In addition to what and how, a third question is important: why? Before contacting a KOL, it is critical for an MSL to answer a question like “Why am I contacting the KOL today? Why should the KOL care?” Being able to answer the why question concisely helps MSLs make sure that what they are about to communicate is of value to the KOL and with that increases the chances of meaningful engagement.

Engaging new HCPs

While maintaining existing relationships virtually is no small feat, it is engaging new KOLs that poses the real challenge. Whether medical affairs need to expand their panel of experts for an established drug or therapeutic area, add a new geography, or engage KOLs in a new therapeutic area, making first contact has proven extremely difficult. Accounts of teams failing to recruit a single new KOL since the start of virtual-only interactions made the rounds showcasing just how hard it is to get the attention of busy HCPs during a time of crisis.

KOL mapping – while always important – plays an even more critical role under these difficult circumstances. Identifying a healthcare professional whose interests and scientific needs are very closely aligned with the objectives of the organization is critical. The more relevant and mutually beneficial an engagement promises to be from the very start, the higher the likelihood that the HCP will take the first, critical step: replying. 

Understanding a HCPs network of collaborators is highly important. Connecting via a mutual contact increases the chances of receiving an answer dramatically.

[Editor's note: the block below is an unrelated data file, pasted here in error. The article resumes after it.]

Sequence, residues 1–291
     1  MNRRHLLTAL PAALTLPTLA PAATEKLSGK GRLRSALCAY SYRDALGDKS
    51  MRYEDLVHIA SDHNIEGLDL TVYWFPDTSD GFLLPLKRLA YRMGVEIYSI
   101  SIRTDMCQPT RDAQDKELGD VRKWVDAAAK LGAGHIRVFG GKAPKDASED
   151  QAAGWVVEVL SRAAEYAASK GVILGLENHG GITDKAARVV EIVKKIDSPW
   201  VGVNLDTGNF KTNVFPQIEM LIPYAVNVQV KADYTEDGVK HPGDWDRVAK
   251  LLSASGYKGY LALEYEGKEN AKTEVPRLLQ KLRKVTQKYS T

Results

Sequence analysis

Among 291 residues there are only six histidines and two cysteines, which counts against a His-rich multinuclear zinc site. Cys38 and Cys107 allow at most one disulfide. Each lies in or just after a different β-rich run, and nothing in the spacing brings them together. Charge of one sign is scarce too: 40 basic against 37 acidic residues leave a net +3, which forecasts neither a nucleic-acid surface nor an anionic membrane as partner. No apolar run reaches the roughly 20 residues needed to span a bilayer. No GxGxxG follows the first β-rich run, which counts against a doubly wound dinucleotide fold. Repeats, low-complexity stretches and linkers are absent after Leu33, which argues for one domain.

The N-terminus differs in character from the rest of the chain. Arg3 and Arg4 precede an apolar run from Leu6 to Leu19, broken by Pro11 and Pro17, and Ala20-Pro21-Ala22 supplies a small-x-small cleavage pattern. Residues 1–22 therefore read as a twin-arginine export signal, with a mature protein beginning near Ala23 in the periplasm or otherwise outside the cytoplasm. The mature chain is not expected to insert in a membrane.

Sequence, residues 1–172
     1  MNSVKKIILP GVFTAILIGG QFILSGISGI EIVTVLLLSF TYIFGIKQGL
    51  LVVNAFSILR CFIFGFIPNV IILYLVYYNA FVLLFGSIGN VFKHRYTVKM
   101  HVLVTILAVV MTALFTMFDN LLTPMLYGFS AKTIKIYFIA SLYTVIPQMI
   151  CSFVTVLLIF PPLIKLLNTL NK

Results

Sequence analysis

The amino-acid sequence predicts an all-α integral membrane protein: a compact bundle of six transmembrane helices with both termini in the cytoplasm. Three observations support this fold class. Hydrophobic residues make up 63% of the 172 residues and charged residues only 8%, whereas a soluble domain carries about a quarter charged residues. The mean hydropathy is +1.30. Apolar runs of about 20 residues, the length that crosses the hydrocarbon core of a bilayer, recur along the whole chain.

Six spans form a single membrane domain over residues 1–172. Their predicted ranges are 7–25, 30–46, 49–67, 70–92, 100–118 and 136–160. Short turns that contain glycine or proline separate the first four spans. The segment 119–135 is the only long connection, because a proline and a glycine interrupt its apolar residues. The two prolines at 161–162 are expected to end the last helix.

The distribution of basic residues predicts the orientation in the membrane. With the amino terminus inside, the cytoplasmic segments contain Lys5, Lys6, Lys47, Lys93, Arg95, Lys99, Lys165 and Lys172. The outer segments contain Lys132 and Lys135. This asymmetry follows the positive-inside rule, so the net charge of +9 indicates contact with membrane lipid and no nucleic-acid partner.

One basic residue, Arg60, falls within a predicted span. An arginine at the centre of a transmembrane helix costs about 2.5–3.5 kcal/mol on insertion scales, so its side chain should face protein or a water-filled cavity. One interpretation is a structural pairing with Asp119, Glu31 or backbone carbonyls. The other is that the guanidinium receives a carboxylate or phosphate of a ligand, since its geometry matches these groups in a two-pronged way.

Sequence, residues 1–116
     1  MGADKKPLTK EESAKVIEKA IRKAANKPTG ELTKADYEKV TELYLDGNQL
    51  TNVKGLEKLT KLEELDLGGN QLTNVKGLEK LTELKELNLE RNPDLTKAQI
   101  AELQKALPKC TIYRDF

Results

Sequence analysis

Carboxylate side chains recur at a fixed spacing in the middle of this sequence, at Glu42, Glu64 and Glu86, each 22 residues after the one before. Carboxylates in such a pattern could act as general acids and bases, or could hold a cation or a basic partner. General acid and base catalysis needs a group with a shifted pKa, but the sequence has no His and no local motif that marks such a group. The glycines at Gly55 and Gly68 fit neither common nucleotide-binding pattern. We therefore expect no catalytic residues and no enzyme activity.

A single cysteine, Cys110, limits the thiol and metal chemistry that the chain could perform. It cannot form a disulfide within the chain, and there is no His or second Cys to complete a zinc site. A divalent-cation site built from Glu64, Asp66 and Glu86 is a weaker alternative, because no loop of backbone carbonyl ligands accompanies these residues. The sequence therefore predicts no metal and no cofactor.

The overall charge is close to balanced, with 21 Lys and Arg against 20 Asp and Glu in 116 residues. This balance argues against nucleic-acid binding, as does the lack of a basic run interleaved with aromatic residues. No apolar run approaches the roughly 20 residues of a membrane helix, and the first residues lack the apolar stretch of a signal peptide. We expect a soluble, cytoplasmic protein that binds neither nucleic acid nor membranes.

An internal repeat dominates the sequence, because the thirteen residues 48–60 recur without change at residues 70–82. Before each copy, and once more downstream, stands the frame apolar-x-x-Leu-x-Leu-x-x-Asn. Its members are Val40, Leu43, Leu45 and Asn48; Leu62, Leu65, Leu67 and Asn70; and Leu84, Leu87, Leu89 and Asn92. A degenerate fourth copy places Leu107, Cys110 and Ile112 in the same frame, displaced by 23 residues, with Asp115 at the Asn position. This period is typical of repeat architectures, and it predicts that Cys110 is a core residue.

Other than that: emails are pretty much what it comes down to and with that the art and science of writing subject lines that are not only concise but pique the KOL’s interest enough to read the email. Focusing on the Why question is also very important in the case of a “cold” email, the KOL needs to understand why they should connect and why they receive the email. In short, honing those writing skills will pay off. Data from a recent survey H1 did with the Medical Science Liaison Society demonstrate the critical role emails play now in KOL – MSL relationships: almost three quarteres of global MSLs and MSL mangers said that an email exchange is considered a “KOL engagement” during these virtual times.

The switch from field to office, from face-to-face to virtual hasn’t been easy and didn’t go smoothly but a year in, things have gotten easier. Many industry experts expect that virtual interaction and engagement are here to stay – not exclusively but to a much larger extent than before. This might be a good thing: MSLs might not have to return to full road warrior mode, more frequent, concise virtual interaction between MSLs and KOLs might benefit both groups and those KOLs in remote areas who MSLs could seldom visit face-to-face might benefit from more readily available, virtual interaction bringing everybody a bit closer together. 

Great preparation and an understanding of a KOL’s activities requires access to a comprehensive database. At H1 building this database is what we spend all our time on. If you want to learn more about the data we collect and how they could help you with your work, please schedule a call, one of our team members will be happy to give you an overview.